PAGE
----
Etiquette Lessons: 5 Pointers on Being the Youngest Person at the Office
Once upon a time (approximately two years ago) I was a complete novice when it came to office attire and protocol. I firmly believed that any top tucked into any skirt covered by any cardigan was business casual and thus office-appropriate. I thought I could waltz into any job or internship and the powers that be would immediately spot how bright, dedicated, and competent I was. I was devastatingly naive and ill-informed.
Thankfully, I had a guru of sorts. She taught me the value of a "work top" (hereafter referred to as a "wop"). She coached me through the finer points of email etiquette. I wore her J.Crew wardrobe for the entire first month of my first job. She is currently rocking the world of finance as a Consulting Associate (which, I have learned, is actually not the same thing as an Associate Consultant) and is far too busy and important to write this kind of column, so, instead, you get my spin on her advice. What follows is an utterly incomplete list of ways in which to make your coworkers treat you like a human and not like a useless teenage intern.
1. Look the part
This causes me pain to write, as I'm a proud native of Southern California and grew up in a culture in which cutoffs are almost always appropriate. But when you are 22 and everyone else in your office is 30, you have to look like an adult. So dress like you're from Connecticut. Skirts should hit no more than two inches above your knee. Cleavage should never be visible. Shoulders should only be visible in the summer, and even then a blazer should never be too far away. Everything should fit: there is literally nothing more irritating than pulling your skirt up or tugging it down constantly, unless it's watching someone do it.
That said, take the time to find work clothes you don't hate. There are ways to make even the most corporate-lawyer-esque outfits acceptable to your personal sense of style. Much as I truly detest the expression "look good, feel good", there's something to be said for the kernel of truth within it. When you actually like what you're wearing at work, rather than feeling like you're dressing up in someone else's clothes, it shows. Being comfortable in your skin (and your own outfit) is the first step towards making other people comfortable around you.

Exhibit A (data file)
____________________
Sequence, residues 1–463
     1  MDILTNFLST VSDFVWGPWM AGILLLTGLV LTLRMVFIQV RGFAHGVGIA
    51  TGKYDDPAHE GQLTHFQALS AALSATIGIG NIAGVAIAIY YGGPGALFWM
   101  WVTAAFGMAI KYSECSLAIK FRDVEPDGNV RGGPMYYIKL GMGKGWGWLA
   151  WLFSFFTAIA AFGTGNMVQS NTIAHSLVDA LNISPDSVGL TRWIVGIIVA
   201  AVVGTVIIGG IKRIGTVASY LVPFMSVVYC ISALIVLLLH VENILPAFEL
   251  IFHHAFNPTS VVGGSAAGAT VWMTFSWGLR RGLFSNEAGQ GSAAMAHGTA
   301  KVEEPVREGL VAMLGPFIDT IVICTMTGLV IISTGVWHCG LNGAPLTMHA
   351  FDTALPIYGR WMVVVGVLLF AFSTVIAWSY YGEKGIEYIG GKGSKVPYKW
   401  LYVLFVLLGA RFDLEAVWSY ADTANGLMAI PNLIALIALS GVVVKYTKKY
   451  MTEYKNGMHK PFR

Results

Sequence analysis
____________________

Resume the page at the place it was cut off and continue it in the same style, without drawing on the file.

2. Speak Up
In many situations, at many jobs, no one is going to ask you what you think. We (20-25 year olds) are the most junior. We are easy to ignore. It is up to us to volunteer what we think, to take on projects, to prove that we can do things besides data entry. No one will hand it to you. There is no prize for being the most unassuming.
That said, no one wants to be "that guy/girl". You know exactly who I'm talking about — the overeager one. The know-it-all. Use those social IQ points you've amassed in your 20-something years on this planet to avoid that at all costs.
3. Ask Questions (but make 'em smart ones)
It's hard for me to say this aloud (or in writing) but the sad truth is this: I don't know everything. And neither do you. Thus, at the start of any job, we're bound to have questions. Ask away, just make sure they aren't the kind of questions that you can answer yourself with a quick Google search.
Asking questions extends past those that are completely work-related. It helps the elders in the office see you as a human if you ask them about themselves — where they went to school, what jobs they've had previously, how their kids are doing. They love talking about themselves just as much as we do, and if you can defy the "self-absorbed young'un" stereotype it'll only stack the odds further in favor of you being treated as a competent member of the team, rather than the toddler that can't do anything without help.
4. Be Polite
I wish that this was assumed. I wish that everyone, regardless of age, race, sexual orientation, ethnicity, religion, socioeconomic status, or level of attractiveness knew that this was the rule that underlies all other rules. But, they don't.
Being polite is (scarily) an underused ability. It goes hand-in-hand with "be respectful". It doesn't matter if you are smarter than your boss (you might very well be). What matters is that he or she is your boss, and, as such, you owe them a certain level of common decency, respect, and politeness. Squashing the tendency to roll your eyes or make sarcastic comments is unbelievably tough, but it goes better in the long-run (or so I'm told).
5. Do Your Homework
The best part about work is that, unlike school, we don't take assignments home with us. But that doesn't mean we get to show up at the office uninformed. The most golden of the golden rules for being the baby in any office is to always, always be prepared. If you work in marketing and are fielding a ton of calls about a particular event or brand or whatever, know what those callers are talking about! If you work for a state government on the day when the ACA is rolled out (oh wait, that's me!) understand what the big policy means for individuals. Knowing your stuff will impress your boss, enable you to do your job effectively, and ensure that you can actually go home knowing that you helped somebody.